Shift Work Can Make You More Prone To Type 2 Diabetes 


According to a report published by Occupational and Environmental Medical which concluded shift work can increase their chances of developing type 2 diabetes. 42 percent of people working as shifts workers were found to have increased risk of developing diabetes with those most affected being men and individuals on rotating shifts.

According to the 2010 National Institute for Occupational Safety and Health Survey, 29 percent of  all workers in the United States worked an alternate shift – or shifts other than a typical day shift.

Alternate shifts are known to disrupt the body’s biological rhythm. The biological clock is responsible for the release of hormones and also controls mood, alertness, body temperature and other components of the body’s daily cycle.

Working alternate shifts has previously been associated with certain health risks including heart disease, breast cancer, and obesity. In the present study, the authors note that previous observations between shift work and diabetes have been inconsistent. Therefore, they conducted a systematic review of the literature to quantify the risk that working alternate shifts presents.

For the study, researchers at Huazhong University of Science and Technology in China looked at 12 previously completed studies, which held data on 226,652 people. That data included where the people worked, their BMI levels, and if diabetes runs in their families.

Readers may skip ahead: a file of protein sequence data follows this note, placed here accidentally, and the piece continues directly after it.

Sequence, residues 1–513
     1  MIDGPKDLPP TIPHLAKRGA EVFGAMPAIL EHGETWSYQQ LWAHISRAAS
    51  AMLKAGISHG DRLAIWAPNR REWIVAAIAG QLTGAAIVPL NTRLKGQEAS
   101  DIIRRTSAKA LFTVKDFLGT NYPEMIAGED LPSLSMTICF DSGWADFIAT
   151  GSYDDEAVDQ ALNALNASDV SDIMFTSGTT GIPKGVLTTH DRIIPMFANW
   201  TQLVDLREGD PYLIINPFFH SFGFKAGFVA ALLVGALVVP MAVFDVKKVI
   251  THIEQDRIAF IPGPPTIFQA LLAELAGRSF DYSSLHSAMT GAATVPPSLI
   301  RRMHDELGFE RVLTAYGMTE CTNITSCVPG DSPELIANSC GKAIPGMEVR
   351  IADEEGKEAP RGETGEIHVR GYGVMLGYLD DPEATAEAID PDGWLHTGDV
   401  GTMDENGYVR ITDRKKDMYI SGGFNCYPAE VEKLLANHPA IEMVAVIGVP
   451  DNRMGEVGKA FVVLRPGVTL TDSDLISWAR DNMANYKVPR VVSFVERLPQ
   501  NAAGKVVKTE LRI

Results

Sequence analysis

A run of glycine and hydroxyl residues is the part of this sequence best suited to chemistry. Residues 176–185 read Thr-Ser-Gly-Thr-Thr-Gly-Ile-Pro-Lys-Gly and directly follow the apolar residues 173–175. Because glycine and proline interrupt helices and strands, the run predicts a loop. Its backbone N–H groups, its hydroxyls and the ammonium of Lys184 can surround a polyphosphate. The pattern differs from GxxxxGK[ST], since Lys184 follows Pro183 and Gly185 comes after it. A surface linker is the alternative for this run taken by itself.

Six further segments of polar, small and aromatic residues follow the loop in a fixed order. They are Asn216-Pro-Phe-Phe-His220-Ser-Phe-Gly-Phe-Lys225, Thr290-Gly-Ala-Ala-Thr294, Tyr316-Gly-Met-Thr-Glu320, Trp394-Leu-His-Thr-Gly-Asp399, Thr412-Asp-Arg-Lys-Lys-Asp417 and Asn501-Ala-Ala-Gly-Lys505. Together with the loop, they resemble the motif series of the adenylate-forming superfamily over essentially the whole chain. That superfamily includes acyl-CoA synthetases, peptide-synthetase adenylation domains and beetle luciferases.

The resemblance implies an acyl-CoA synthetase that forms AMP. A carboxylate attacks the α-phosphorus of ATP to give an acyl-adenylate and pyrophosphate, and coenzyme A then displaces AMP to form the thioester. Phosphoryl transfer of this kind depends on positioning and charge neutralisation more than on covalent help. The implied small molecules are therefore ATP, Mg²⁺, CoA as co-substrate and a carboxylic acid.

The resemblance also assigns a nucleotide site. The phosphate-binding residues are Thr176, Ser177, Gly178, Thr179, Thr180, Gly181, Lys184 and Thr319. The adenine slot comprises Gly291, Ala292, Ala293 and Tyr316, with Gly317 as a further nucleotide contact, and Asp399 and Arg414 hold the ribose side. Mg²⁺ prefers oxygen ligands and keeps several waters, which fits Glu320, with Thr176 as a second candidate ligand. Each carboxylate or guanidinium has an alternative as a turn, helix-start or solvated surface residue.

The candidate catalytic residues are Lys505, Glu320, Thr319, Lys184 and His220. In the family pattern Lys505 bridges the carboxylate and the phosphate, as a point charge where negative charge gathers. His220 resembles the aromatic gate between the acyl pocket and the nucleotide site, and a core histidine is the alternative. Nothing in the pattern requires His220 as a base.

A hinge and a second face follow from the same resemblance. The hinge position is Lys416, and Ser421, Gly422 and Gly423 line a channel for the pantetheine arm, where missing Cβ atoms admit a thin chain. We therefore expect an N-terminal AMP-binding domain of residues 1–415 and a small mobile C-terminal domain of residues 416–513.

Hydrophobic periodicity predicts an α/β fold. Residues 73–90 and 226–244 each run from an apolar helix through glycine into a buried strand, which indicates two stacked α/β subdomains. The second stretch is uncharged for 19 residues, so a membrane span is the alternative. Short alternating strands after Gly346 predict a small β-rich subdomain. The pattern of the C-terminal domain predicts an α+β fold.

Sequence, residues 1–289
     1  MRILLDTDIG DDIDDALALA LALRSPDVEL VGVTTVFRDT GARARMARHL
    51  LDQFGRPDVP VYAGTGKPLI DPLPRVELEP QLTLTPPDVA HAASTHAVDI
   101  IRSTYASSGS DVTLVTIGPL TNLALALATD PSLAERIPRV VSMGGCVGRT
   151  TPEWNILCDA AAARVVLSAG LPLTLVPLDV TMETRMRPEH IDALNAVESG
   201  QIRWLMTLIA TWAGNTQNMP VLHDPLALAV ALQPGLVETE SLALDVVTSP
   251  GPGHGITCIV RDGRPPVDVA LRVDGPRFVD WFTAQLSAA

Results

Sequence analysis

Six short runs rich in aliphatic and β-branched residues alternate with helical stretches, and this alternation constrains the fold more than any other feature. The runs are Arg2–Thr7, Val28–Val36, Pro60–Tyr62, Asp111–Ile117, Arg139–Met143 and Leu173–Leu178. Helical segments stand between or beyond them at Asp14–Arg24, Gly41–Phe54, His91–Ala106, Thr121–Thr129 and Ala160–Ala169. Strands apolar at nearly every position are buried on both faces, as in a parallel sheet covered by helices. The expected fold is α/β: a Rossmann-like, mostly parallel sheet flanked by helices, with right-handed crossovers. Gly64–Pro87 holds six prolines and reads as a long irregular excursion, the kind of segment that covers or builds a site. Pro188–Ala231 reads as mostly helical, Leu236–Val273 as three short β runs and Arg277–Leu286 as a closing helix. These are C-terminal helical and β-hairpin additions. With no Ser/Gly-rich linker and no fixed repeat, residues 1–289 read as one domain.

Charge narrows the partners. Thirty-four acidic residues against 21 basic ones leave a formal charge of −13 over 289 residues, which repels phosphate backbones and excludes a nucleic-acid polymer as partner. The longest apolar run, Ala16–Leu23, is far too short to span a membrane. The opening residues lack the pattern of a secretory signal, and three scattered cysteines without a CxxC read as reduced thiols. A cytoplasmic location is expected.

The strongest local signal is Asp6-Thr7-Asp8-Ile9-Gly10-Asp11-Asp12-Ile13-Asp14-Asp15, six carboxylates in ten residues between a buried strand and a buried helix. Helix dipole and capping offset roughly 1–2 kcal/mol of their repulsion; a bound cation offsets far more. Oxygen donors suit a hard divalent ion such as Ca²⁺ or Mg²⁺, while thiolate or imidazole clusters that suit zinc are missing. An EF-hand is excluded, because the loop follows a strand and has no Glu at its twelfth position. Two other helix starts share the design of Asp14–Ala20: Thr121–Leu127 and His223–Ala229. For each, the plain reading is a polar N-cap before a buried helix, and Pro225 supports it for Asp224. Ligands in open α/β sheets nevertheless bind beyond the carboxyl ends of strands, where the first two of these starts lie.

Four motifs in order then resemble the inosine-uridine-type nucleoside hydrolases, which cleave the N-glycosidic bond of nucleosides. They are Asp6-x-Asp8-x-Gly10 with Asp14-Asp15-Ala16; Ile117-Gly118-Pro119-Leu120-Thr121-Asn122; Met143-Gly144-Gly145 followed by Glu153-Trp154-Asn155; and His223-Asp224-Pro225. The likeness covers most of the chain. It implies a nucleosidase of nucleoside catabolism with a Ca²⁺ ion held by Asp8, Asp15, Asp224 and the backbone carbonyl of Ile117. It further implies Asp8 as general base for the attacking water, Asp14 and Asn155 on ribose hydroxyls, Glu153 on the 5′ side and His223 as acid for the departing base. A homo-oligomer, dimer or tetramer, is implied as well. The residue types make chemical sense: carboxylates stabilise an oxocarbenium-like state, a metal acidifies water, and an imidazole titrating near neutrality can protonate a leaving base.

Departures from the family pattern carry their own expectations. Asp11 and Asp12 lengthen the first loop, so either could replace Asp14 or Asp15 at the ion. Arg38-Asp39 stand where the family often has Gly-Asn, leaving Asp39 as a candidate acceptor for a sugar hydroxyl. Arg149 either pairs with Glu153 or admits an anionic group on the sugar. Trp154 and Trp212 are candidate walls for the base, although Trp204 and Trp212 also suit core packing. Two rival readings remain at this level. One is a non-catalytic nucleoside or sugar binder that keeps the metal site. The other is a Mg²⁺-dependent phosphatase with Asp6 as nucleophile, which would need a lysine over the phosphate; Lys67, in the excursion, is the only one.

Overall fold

In the end, the researchers concluded that type 2 diabetes is more prevalent among those who work in shifts. Workers that have rotating nighttime and daytime shifts have an increased risk of 42 percent. Men alone have a risk increase of 35 percent.

The authors suggest that fluctuating levels of the male hormone testosterone could account for the increased risk for men, noting that low testosterone levels have been implicated in insulin resistance and diabetes.

According to the authors, these new findings should urge those who work in shifts to be more aware of the associated risks.

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